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Are health problems legal problems in disguise?

Issue of the Month
Are health problems legal problems in disguise?
Wednesday, July 17, 2013
[1] Wilkinson, Richard G. and Marmot, M. G. (2003) Social determinants of health: the solid facts. World Health Organization, Geneva at 7.
[2] Ibid at 10.

[3] Kilelea, Amy. "Collaborative Lawyering Meets Collaborative Doctoring: How a Multidisciplinary Partnership for HIV/AIDS Services Can Improve Outcomes for the Marginalized Sick" (2009) 16 Geo J on Poverty L & Pol'y 413.
[4] See Jackson, Suzanne F et al. "Hospital-Legal Partnership at Toronto Hospital for Sick Children: The First Canadian Experience" (2012) 15:4 Healthcare Quarterly 55.

 

Access to justice as a social determinant of health

Social Determinants of Health

It is well understood that those at the bottom of the social gradient have shorter life expectancies and experience more health problems at a higher rate than those who are well-off.[1] The societal factors that cause this disparity are referred to by social scientists as “social determinants of health”. According to the World Health Organisation, social determinants of health are “the conditions in which people are born, grow, live, work and age” with these circumstances being shaped by the distribution of money, power and resources. When people experience things like poor housing, insecure employment, inadequate education and other disadvantages, the negative effects on health accumulate throughout life.[2] Many of these problems may actually be unmet legal needs that can be dealt with in a poverty law practice. In other words, legal services have the power to impact social determinants of health, and I propose that access to these services can be a social determinant of health in itself.

Legal problems in disguise

Health problems are sometimes legal problems in disguise. Consider, for example, a child who is brought to the emergency room multiple times, suffering from asthma attacks. At first glance, her attacks appear to be a very straightforward health problem; the doctor should treat her symptoms and send her on her way. However, what if the underlying problem is a legal one? What if the landlord of the family residence refuses to remove the mould that is exacerbating the child’s asthma? This health problem has just become a legal one, and a legal solution through landlord-tenant law is necessary to attain a lasting solution.  

If inequitable social structures are most often the systemic causes of ill health, legal interventions will be more effective if they target these structures.[3] Consider again the example above. The negligent landlord is only the manifestation of a larger social problem. Addressing the overarching problem of poor health conditions in substandard housing and the lack of affordable housing (e.g. through a test case or law reform initiative) would target the root cause of this child’s problem, and the problems of countless others.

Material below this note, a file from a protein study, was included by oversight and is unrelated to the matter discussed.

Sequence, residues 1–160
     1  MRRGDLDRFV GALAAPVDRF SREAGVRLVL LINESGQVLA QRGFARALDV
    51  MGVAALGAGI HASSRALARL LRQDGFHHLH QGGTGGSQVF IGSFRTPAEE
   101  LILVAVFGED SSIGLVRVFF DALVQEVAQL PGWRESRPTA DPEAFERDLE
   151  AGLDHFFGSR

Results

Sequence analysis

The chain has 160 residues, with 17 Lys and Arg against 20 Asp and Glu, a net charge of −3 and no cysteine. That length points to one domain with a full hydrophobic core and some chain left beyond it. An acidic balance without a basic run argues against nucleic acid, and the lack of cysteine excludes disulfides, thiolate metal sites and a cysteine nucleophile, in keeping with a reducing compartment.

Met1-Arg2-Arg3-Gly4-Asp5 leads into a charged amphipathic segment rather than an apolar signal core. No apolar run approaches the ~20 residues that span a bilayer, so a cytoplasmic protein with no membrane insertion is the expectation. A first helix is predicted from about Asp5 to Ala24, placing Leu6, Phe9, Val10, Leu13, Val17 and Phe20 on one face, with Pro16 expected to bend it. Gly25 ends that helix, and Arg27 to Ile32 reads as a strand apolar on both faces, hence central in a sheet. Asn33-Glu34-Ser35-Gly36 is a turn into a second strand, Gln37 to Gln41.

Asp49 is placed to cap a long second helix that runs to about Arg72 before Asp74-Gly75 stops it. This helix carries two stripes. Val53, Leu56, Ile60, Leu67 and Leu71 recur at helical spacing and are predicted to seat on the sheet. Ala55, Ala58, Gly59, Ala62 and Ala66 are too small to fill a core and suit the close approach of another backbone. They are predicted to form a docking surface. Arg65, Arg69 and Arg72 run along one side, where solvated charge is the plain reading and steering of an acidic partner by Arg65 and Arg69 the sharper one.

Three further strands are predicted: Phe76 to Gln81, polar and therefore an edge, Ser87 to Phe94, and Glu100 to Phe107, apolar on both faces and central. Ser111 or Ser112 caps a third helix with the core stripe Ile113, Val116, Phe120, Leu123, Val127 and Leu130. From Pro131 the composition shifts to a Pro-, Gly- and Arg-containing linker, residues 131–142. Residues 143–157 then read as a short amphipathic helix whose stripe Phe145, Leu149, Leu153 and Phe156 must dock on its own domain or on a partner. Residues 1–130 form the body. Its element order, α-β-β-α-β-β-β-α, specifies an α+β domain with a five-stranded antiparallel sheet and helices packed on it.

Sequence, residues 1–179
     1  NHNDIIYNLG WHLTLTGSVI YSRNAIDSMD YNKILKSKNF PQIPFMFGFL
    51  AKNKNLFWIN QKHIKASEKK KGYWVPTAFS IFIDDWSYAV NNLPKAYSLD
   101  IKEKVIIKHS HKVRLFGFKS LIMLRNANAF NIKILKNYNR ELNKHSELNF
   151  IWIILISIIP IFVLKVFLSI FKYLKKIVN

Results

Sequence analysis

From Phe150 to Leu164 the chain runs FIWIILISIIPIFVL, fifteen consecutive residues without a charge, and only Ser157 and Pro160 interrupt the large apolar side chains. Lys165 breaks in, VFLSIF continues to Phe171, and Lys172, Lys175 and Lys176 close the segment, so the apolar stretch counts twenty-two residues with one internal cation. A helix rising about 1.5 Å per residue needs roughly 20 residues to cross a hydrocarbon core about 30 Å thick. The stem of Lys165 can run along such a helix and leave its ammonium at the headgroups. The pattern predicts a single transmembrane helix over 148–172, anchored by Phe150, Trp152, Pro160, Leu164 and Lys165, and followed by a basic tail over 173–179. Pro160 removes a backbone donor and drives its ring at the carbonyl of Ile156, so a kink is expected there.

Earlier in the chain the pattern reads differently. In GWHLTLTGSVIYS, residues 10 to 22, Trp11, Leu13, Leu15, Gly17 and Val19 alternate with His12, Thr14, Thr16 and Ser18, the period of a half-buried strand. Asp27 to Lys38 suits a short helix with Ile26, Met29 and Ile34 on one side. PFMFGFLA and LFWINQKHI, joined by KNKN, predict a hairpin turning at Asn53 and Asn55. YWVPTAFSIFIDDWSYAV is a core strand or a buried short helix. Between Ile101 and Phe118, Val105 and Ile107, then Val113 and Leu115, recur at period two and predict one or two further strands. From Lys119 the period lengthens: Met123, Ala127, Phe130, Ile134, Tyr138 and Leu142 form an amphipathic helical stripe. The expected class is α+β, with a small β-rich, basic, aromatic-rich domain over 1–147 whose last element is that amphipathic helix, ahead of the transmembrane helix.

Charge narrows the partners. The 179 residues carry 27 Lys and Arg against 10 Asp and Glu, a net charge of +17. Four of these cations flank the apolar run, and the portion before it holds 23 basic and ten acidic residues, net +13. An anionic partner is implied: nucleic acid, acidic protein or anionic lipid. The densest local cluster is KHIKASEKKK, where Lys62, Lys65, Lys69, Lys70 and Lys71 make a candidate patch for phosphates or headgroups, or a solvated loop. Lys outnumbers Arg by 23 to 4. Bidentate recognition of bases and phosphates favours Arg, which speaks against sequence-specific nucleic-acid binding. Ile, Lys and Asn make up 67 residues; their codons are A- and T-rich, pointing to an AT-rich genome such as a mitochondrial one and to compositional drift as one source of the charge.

Putting theory into action: Medical-Legal Partnerships

If the underlying social causes of poor health are often civil legal problems, collaboration between health professionals and lawyers through medical-legal partnerships (MLP) offers an innovative way to address these problems. According to the US National Centre for Medical-Legal Partnership (NCMLP), “[m]edical-legal partnership is a health care delivery model that improves the health and well-being of low-income and other vulnerable populations by addressing unmet legal needs and removing legal barriers that impede health.” The NCMLP approach has three core components: it directs services for patients and families within healthcare facilities; it provides training for health care staff; and it engages in joint medical-legal systems advocacy. Benefits of the MLP approach can be seen across the United States and in Canada’s first MLP at the Hospital for Sick Children in Toronto.[4]

A powerful argument for access to justice

Framing access to justice as a social determinant of health has far-reaching implications. Proof of a causal relationship would be a powerful weapon in the arsenal of both justice and health advocates. If access to legal services can improve health outcomes in a cost-effective manner by stopping the problems “upstream”, this could spur health policy-makers to invest in access to justice initiatives. Similarly, evidence that access to justice has positive consequences that extend further than the courthouse could increase public support and political will for making the system more accessible. If access to justice is considered a social determinant of health, and action is taken to improve access, the result could be a healthier and more just society.

Further Reading

Carmean, Monica. "Medical-Legal Partnerships: Unmet Potential for Legislative Advocacy" (2012) 19 Geo J on Poverty L & Pol'y 499.

Jackson, Suzanne F et al. "Hospital-Legal Partnership at Toronto Hospital for Sick Children: The First Canadian Experience" (2012) 15:4 Healthcare Quarterly 55.

Schulman, David I et al. "Public Health Legal Services: A New Vision" (2008) 15:3 Geo J on Poverty L & Pol'y 729.